The Bosu can therefore be seen as a great tool in strengthening joints to recover after injury and correcting bad posture and leg alignments.

Core

Many core exercises can be performed on a Bosu in a similar fashion as normal but with an added benefit of extra instability which works the muscles in your core a little harder.

Pilates teachers, fitness coaches and yoga instructors all explain the importance of a strong core and the Bosu can be a great way to achieve this.  Here are a few ideas of how to work your core with the Bosu.

  • Torso rotation - standing with knees slightly bent hold the bosu with both hands and rotate your torso slowly to the left then right with the Bosu held out at arm’s length. Repeat 8-12 times.
  • Plank rotation - just like a normal plank start with both arms on the Bosu. Here remove one arm and raise it to the ceiling to create a T shape in your body. Hold for 5 seconds before bring in back down and the repeat with the other arm. Repeat 5 times.
  • Bosu crunch - sitting on the Bosu just slightly forward from the centre, lift your legs slightly off the floor to create a V- shape in your body. This should engage your abdominals. Hold this position for between 15-30 seconds and release. Repeat 5-8 times.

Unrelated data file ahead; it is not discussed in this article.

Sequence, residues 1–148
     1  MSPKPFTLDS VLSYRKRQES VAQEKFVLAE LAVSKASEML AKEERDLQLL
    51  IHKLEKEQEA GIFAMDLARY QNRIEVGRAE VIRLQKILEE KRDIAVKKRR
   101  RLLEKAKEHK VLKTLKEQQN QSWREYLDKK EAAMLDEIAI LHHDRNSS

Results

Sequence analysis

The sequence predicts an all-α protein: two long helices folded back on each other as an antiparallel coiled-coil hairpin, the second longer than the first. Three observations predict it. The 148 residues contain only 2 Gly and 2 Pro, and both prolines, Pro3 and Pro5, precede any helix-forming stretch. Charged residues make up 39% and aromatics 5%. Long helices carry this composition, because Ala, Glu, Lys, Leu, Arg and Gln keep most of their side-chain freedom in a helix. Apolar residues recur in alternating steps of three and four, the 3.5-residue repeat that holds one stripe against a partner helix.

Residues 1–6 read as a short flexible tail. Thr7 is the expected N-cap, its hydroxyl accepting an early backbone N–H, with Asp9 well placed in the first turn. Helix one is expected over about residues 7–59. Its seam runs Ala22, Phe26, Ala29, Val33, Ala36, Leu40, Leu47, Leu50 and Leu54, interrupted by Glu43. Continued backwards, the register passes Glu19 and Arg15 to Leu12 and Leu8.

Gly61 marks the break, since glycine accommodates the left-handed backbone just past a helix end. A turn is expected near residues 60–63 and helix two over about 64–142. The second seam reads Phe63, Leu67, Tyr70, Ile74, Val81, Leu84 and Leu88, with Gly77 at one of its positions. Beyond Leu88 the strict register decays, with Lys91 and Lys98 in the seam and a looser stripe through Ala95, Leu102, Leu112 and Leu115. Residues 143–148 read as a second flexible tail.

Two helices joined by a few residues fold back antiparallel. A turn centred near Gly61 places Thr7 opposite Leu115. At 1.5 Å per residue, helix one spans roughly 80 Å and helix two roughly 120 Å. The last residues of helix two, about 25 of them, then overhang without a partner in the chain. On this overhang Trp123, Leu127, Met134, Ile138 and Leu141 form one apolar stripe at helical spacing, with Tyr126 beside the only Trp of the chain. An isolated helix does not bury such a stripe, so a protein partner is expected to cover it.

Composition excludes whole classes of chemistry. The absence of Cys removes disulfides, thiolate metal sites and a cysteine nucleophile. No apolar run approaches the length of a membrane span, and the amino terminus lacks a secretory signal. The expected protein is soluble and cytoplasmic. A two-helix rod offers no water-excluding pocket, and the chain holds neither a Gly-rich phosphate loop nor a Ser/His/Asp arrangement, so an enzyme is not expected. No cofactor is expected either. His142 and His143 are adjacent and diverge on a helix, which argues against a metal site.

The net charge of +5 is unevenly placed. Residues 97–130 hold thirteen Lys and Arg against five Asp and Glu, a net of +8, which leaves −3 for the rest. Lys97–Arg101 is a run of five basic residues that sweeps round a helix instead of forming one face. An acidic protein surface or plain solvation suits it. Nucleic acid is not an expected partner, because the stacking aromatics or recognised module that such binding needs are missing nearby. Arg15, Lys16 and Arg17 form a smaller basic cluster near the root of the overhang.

• Superman pose - with the Bosu dome shape up, put one knee on the middle of the dome and both arms out in front of you on the floor. Lift the other leg out flat mid-air behind you and when you are stable lift the alternating arm (left arm, right leg then right arm, left leg) up to make a superman pose. Hold for 10 seconds then repeat with the other arm and leg.
  • Exercise ball Bosu twist - just as in the Bosu crunch sit on the Bosu but with an exercise ball held in front of you. When you are steady slowly twist your core using the exercise ball out in front, from side to side but hold your lower body still. This should act to strengthen your abdominals, back and oblique muscles. Repeat 5 times.

Summary

The Bosu has definitely been a success in the fitness industry giving added benefits and an alternative to many strength routines and injury rehabilitation programmes. However, it has received some criticism from those who believe that compared to flat surface weight training the Bosu may distract and reduce the intensity of the movement as using dynamic movements instead of static weight lifting can lessen the load and workout received. Here they opt for flat floor weight training as each movement is controlled and performed with calculation so the correct muscles are targeted specifically.

This criticism may have some substance to it by showing how for particular uses the Bosu may lead to more injury and damage if used incorrectly (or through accident by falling off). However, compared to the benefits of incorporating the Bosu in your workout routine, this disadvantage is small. Overall the Bosu is a great success and can encourage people of all ages and skill to try strength training where regular moves may be intimidating and boring.

Gemma Carter is a fully trained fitness and life coach.
Visit her website at http://www.cartercoaching.co.uk or email her at: gemma@cartercoaching.co.uk